What’s Next For Truckee River Flood Prevention?

Mar 23, 2017

Northern Nevada saw historic amounts of precipitation this water season, leaving many low-lying areas flooded and many higher elevations buried in snow. And experts warn that increasing population and development can open up opportunities for more damage if water is not properly managed.

Reno Public Radio’s Noah Glick recently spoke with Jay Aldean, the Executive Director for the Truckee River Flood Management Authority, to see how the Truckee River—and the region as a whole—handled this year’s severe weather.

KUNR: Last time we spoke, you mentioned the region is due for a big flood event. So what was this year? This was a big flood event, right?

Aldean: Well, it was certainly was a big water year event. A lot of people think of it as a flood event. Even though we had a significant rain in January, it only measured up to what we call a 40-year storm event. Unless it gets to be a 50-year storm event, somewhere between 50-100, I don’t consider it a major flood. I consider it minor flooding.

But flooding can occur a number of different ways. You can be flooded by a river overflowing. You can also be flooded by volume, too much volume. We have had storm after storm after storm this year and everyone has contributed, even if it’s just a minor rain.

Your work with the Truckee River Flood Project, the main purpose of that is to help the urban communities and protect property. Is that the main goal?

Well in a roundabout way, we are a planning agency to conceptualize, plan, design and build a project that will include flood facilities that protect all the flooding that comes from the Truckee River. So the commercial areas around Sparks, the commercial area in Reno, the airport—that’s a biggie—that’s what our job is. And we’ve got a plan that will actually do that. It’s a $400 million plan and our next steps are how to try to figure out how to pay for that.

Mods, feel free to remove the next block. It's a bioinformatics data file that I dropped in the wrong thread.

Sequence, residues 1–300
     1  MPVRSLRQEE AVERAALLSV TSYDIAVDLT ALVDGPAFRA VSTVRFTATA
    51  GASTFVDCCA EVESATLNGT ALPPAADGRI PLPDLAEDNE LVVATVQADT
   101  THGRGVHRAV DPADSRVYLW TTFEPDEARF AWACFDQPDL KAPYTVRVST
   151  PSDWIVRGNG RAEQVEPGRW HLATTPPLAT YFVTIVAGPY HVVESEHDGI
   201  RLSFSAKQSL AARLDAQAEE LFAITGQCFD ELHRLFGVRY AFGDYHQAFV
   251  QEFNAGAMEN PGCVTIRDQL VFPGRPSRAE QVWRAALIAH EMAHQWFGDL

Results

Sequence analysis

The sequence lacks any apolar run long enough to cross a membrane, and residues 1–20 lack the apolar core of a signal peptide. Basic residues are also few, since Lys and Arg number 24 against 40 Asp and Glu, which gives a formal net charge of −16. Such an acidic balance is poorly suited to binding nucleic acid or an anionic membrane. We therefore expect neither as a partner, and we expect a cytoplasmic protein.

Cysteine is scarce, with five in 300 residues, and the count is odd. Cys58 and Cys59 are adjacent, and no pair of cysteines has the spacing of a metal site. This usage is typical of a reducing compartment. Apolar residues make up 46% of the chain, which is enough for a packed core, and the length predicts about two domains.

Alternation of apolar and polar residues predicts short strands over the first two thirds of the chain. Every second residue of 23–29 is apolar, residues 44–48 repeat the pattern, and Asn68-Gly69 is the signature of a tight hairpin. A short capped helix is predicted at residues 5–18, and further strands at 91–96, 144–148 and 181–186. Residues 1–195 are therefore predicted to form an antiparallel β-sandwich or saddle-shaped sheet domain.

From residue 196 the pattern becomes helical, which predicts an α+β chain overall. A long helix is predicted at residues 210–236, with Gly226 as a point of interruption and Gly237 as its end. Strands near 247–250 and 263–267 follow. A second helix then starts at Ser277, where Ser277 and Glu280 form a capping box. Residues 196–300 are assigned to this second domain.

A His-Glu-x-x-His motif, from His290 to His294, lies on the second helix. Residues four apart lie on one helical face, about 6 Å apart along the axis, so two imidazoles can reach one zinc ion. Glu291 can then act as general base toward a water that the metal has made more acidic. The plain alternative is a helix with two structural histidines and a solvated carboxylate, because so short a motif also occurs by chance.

We partnered through a very long process with the Corps of Engineers to try to get them to approve a project that we would build. What they were able to do in 2014, [they] passed their plan to Congress, which basically authorized $180 million for us to spend. It’s not a guarantee throughout all the rest of the future. We have to demonstrate to the corps that we can raise our share of that project. And upon doing that, we’ll start getting appropriations.

So, we have to come up with $275 million basically.

We don’t want to build it in a 100-year stretch; we want to build it in a ten-year stretch. And in order to do that, we need about $25-30 million a year. If we did enact a fee for those who directly benefit, that would probably only raise $2.5. So we still have a shortfall as you can see.

So is it a matter of coming to the voters as well to potentially add a tax increase or anything like that? Or is it more looking at businesses and that sort of thing?

What the board has elected to do, back in 2016, they were thinking about putting a tax question on the ballot, but they didn’t want it to go opposite the school district. Now they’re going to move to create a committee and that committee will look at all the various alternative revenue sources, they’ll recommend a question that will go on the ballot in 2018.

From what you’ve said, this is not necessarily a major flood event. But what are some of the lessons we can learn from this?

It shows you that trying to protect the whole region from flooding is a huge undertaking.

I would just say that trying to alleviate all the flooding problems that we could possibly have is more money than we’re asking the voters for in 2018. But I think it’s now time to start the conversation and try to figure out how we’re going to handle that.